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Leeds Numeric introduction

Leeds Numeric basics

The University uses a variation of the Numeric referencing style called Leeds Numeric.

To reference in Leeds Numeric:

  • Insert an in-text citation and a corresponding reference in a list at the end of your work for every source you quote, paraphrase, summarise or refer to.
  • Every citation should be labelled within your text by using a number in brackets (1). The first item you cite is allocated number 1, the second item is allocated number 2, and so on throughout your piece of work. The reference should provide the full details of the item.
  • Include page numbers in your citation if you quote directly from the text, paraphrase specific ideas or explanations, or use an image, diagram, table etc from a source.

You should insert the citation number directly after a source is referred to in your text, even if this is in the middle of a sentence. It is acceptable to place a citation number at the end of a paragraph, if the entire paragraph is referring to the same source.

If your school has asked you to reference using the Leeds version of Numeric, then your tutors should also follow this guidance when marking.

Examples:

  • Aitchison (1) suggests that language change is inevitable, but not a bad thing.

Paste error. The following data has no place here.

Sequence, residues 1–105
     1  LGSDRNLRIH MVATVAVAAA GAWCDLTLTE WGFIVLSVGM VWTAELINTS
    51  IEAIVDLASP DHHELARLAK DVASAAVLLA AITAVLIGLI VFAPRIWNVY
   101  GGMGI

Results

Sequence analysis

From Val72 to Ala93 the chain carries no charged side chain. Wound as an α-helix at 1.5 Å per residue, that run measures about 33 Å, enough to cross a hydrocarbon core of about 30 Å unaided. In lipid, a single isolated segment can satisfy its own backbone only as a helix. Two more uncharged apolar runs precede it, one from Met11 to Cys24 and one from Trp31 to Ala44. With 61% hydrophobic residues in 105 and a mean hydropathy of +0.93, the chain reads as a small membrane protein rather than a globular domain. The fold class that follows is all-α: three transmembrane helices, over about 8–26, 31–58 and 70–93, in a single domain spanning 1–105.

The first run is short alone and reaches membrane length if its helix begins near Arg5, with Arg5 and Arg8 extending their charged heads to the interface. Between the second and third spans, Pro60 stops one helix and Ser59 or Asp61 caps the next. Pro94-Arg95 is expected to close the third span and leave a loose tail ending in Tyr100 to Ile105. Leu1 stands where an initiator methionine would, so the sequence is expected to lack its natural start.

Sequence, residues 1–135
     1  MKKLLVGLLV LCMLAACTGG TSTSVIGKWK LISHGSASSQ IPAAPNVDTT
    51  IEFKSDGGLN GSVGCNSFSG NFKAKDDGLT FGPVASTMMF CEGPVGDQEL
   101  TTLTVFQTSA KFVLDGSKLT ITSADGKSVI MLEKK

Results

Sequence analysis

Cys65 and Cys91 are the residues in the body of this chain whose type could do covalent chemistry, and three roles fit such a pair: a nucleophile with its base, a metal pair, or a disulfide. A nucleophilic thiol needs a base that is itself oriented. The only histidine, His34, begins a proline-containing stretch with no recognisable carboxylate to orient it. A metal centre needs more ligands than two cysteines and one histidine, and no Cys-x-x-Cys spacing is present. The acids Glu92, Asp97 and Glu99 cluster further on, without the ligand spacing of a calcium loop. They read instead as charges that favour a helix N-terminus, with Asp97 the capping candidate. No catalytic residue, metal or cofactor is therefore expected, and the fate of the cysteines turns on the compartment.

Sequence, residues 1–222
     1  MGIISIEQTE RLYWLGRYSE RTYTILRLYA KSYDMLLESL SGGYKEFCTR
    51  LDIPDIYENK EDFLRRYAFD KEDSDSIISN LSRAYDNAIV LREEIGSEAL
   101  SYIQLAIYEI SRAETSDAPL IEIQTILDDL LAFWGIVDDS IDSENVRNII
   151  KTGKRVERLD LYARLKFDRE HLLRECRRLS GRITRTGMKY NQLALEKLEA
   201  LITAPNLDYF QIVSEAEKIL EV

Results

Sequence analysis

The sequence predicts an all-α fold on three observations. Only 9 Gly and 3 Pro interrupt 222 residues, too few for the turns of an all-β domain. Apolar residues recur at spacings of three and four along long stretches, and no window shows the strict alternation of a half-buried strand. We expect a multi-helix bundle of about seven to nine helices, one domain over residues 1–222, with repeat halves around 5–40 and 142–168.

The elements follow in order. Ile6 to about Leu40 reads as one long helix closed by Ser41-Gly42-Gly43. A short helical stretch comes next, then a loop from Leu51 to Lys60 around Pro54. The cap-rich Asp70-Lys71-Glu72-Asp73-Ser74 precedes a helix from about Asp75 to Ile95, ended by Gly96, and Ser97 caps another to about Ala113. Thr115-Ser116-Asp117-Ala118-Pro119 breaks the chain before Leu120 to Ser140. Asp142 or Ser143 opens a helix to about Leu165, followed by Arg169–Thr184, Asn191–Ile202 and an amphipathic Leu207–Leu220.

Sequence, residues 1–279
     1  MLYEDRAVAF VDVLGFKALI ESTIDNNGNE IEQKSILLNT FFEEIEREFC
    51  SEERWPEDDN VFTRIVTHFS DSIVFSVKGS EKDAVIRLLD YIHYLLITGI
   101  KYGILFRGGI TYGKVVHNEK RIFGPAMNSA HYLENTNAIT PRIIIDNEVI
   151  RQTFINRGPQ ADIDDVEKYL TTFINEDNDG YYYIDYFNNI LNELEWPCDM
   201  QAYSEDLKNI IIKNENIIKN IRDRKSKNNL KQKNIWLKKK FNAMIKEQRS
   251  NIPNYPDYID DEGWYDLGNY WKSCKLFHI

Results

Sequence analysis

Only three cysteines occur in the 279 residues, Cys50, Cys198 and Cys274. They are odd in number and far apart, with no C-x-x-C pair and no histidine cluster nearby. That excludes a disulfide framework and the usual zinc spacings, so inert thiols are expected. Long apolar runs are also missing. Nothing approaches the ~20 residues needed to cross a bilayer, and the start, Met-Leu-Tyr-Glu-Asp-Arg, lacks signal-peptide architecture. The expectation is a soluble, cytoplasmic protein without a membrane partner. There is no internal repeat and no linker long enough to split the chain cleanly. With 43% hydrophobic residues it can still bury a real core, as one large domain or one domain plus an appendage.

• One leading expert suggests that language change is inevitable, but is not a bad thing (1)

How to incorporate citations into your work

It is good practice to vary the way you incorporate in-text citations; this will help enhance the flow and style of your academic writing.

Citations might appear at the start, middle or end of your sentences.

You can also refer to multiple sources at once; this can not only help make your writing more succinct but also improve the synthesis of sources, research or ideas within your assignments.

Examples:

  • Smith (1) identified a statistical correlation between...
  • A number of recent studies reveal ....(1, 3, 4-6, 9)
  • Socio-economic factors such as class and education as well as "hereditary determinants" (1, p.267), can have a detrimental effect on an individual's health.
  • A quarter of students would like to see employability embedded as part of their degree course (1, p.15).
  • In contrast, Grayson (1) identified the main determinant as...
  • Marks et al. (1) identified...

Multiple citations to the same source

Once a source has been allocated a number, this number is used again if you refer to the same source at a later point in your work.

Example: 
According to the Environment Agency (1), road transport accounts for 25% of the UK's total carbon dioxide emissions, which are seen as a contributing factor to climate change. A recent Mintel report (2) highlighted climate change as a high priority for the government, as well as the general public. With road transport set to grow by 33% over the next 20 years (1), it is important for governments, businesses and individuals to act now to reduce the impact that transport is having on the global environment.

The number (1) appears more than once as both statistics came from the same Environment agency report.

Further help

For more information, take a look at our handy guides, activities and resources: